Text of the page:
In July 2016 I found out that my client (who lives in Indonesia) had sold a UK buy to let property in October 2015. I immediately sent in a NRCGT return online. He now has a penalty notice for £1,300 for not sending in the return within 30 days of the conveyance. The gain returned is £204. The fine seems to me to be disproportionate and unjust because he, not unreasonably, expected to return the details of the gain on his 2016 tax return in the normal way. With hindsight I can see that I should have flagged this up just because he is a non resident landlord in case he happened to want to sell a property. I am looking for reasonable excuses to appeal this and pointed out that knowing he is non resident his solicitor should have warned him about the 30 days. The solicitor is well respected locally and has replied candidly that he knew nothing about the 30 day time limit and to be fair neither did I at the start of the 2015-16 tax year. I know that not knowing the rules is no excuse but this seems so unfair. If professionals don’t know about new online reporting rules how can the tax payer in Indonesia (where communications are not the best) be expected to know? Is there any way to challenge this and is anyone else in the same boat?
I have successfully appealed against a NRCGT penalty. The wording of my letter was as follows and it was accepted without question:
"Further to your email of 17 June 2016, we write to appeal against the penalty of £800 issued to our client for the late submission of the non-resident capital gains tax return.
The circumstances are as follows:-
Our client has been living in Australia since 2012, during which time he rented out his property. The income has been declared on my client’s income tax return each year.
Due to my client’s absence from the UK, he was unaware of the new rules that came into force on 6 April 2015, requiring the CGT return to be completed within 30 days of the date of sale of the property. Hence, no CGT return was completed when the property was sold in November 2015.
When it came to our attention, the non-resident CGT return was filed without delay. You will see from the return that there is no tax due and therefore there has been no loss to HMRC. Both we and our client apologise for the delay in filing the return but are confident that you will be able to see that it was not a deliberate action.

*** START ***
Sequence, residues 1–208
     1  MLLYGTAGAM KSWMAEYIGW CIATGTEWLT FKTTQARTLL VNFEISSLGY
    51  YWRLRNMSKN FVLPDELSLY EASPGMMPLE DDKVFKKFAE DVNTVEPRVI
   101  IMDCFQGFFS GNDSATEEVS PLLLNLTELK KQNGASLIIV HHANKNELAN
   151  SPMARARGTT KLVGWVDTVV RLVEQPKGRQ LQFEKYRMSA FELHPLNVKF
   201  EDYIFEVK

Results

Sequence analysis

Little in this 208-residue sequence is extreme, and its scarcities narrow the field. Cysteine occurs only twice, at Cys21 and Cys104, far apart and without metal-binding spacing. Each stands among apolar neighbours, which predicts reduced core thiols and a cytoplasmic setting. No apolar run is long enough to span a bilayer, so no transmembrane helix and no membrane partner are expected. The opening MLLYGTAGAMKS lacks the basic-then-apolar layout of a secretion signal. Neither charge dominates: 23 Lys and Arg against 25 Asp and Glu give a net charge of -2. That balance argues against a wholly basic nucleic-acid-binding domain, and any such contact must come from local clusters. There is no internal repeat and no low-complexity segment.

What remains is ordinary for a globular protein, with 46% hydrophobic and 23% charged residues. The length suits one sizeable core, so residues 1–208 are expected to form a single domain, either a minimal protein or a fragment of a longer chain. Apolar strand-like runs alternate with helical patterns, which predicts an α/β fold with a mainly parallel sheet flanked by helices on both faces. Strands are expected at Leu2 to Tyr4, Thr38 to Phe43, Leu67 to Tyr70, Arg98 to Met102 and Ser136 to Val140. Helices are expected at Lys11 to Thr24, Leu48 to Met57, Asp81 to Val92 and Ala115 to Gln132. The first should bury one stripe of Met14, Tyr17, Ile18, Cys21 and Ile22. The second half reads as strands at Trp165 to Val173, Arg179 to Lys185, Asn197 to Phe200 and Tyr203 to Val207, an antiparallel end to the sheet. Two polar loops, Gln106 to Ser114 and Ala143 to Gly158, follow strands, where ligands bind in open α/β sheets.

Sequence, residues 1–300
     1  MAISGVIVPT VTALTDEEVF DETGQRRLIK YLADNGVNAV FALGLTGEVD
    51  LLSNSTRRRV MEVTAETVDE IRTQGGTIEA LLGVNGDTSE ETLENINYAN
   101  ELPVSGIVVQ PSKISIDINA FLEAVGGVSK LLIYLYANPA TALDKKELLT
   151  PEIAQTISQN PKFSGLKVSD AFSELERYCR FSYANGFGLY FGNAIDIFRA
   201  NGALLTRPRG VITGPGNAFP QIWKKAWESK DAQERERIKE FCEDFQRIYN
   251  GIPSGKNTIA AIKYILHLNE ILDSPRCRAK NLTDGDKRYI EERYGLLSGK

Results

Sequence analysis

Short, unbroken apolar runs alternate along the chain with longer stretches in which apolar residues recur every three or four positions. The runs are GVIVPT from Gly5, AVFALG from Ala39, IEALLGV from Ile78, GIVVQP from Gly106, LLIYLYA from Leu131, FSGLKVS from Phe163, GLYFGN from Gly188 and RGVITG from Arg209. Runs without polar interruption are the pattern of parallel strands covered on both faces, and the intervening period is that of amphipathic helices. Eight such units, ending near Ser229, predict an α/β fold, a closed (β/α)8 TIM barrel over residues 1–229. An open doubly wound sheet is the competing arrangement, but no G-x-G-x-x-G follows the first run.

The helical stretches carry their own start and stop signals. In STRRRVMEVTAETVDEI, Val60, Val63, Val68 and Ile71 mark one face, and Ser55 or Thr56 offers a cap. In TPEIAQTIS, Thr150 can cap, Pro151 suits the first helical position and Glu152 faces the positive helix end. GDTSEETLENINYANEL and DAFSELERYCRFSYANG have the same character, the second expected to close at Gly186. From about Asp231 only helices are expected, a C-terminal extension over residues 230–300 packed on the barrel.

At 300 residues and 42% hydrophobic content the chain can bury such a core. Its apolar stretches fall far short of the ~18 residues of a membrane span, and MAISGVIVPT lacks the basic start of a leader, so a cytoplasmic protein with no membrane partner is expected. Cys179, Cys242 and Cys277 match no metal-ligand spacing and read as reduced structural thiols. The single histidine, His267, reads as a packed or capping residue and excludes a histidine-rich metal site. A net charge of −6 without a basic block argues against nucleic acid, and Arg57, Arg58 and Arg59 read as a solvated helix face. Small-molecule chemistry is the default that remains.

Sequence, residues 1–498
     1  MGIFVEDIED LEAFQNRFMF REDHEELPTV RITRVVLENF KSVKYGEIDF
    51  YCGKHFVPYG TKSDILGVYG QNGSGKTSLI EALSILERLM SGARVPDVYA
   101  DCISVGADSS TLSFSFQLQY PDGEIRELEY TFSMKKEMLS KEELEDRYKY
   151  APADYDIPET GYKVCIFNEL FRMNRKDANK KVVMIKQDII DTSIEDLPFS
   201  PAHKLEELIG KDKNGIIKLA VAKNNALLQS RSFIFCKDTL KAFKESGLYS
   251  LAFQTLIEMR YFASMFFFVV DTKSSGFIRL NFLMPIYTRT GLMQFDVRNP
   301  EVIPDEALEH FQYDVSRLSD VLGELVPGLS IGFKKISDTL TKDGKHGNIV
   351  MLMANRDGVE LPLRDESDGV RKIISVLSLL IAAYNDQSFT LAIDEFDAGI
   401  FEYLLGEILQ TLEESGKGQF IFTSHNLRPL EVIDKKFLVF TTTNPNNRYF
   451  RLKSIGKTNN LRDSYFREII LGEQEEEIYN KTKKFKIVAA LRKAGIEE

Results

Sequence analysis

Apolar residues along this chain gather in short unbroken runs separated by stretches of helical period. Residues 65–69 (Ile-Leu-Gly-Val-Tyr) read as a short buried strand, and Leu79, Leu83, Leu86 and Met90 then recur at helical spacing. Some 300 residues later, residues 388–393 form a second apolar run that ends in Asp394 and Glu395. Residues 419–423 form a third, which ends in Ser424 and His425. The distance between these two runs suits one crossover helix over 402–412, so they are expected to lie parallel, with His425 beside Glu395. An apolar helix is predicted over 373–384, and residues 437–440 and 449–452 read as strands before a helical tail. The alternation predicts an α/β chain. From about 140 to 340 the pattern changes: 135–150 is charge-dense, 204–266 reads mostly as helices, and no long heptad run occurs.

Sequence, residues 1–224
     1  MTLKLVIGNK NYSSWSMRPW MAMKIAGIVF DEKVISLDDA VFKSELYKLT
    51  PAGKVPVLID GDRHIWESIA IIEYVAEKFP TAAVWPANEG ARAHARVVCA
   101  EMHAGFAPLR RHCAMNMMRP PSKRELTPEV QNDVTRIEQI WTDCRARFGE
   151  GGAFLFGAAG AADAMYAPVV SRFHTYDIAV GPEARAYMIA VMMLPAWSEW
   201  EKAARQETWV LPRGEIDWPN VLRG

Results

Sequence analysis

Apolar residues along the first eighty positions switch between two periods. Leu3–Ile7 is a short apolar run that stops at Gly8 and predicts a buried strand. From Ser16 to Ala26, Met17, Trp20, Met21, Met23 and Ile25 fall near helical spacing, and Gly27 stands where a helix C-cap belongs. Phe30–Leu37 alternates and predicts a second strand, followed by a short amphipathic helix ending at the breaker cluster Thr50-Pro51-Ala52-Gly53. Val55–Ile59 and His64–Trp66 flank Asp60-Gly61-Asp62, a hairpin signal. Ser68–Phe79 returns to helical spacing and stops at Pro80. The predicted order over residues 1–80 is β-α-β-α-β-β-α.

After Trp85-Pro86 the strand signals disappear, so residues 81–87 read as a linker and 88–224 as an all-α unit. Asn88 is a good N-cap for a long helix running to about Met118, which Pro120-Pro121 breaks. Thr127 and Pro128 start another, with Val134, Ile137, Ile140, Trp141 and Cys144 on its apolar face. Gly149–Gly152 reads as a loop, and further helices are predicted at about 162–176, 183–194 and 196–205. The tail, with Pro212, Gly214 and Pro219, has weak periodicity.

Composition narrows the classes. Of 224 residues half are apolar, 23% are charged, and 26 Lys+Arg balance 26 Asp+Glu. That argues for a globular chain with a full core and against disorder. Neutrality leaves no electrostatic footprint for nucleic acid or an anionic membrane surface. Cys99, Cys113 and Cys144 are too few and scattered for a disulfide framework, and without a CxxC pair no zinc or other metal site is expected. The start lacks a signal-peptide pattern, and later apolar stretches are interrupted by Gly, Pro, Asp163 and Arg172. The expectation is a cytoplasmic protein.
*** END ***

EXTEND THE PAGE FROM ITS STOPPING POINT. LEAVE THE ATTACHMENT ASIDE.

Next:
We trust that, in the circumstances, the penalty can be removed.
In the meantime, our client has paid the amount due and so, if our appeal is successful, we should be grateful if this amount could be refunded as soon as possible."
HM Courts & Tribunals Service provide guidance (leaflets T242, T243 and T244 – use the link to court and tribunal forms) on what happens after you make your appeal and on what happens at a hearing. We recommend that you read this in addition to our guidance below.
At the level of the First-tier Tribunal, there are different ways in which your case can be handled depending on the facts, such as what it is you are appealing about and how complex your case is.
Some cases are usually dealt with on paper. This means that the tribunal will just review papers submitted by HMRC and by you, and make their decision from those.
If your case is to be dealt with in this way, it is important that your papers are neat and tidy so that the tribunal can follow them. Read the section ‘How do I prepare my case?’, which guides you through organising your papers. If you are told your case will be dealt with on paper, but you would prefer to have a hearing, you can request one.
If you have any special needs, which they might need to cater for at the hearing, for example, if you have a disability, you should tell the tribunal in advance.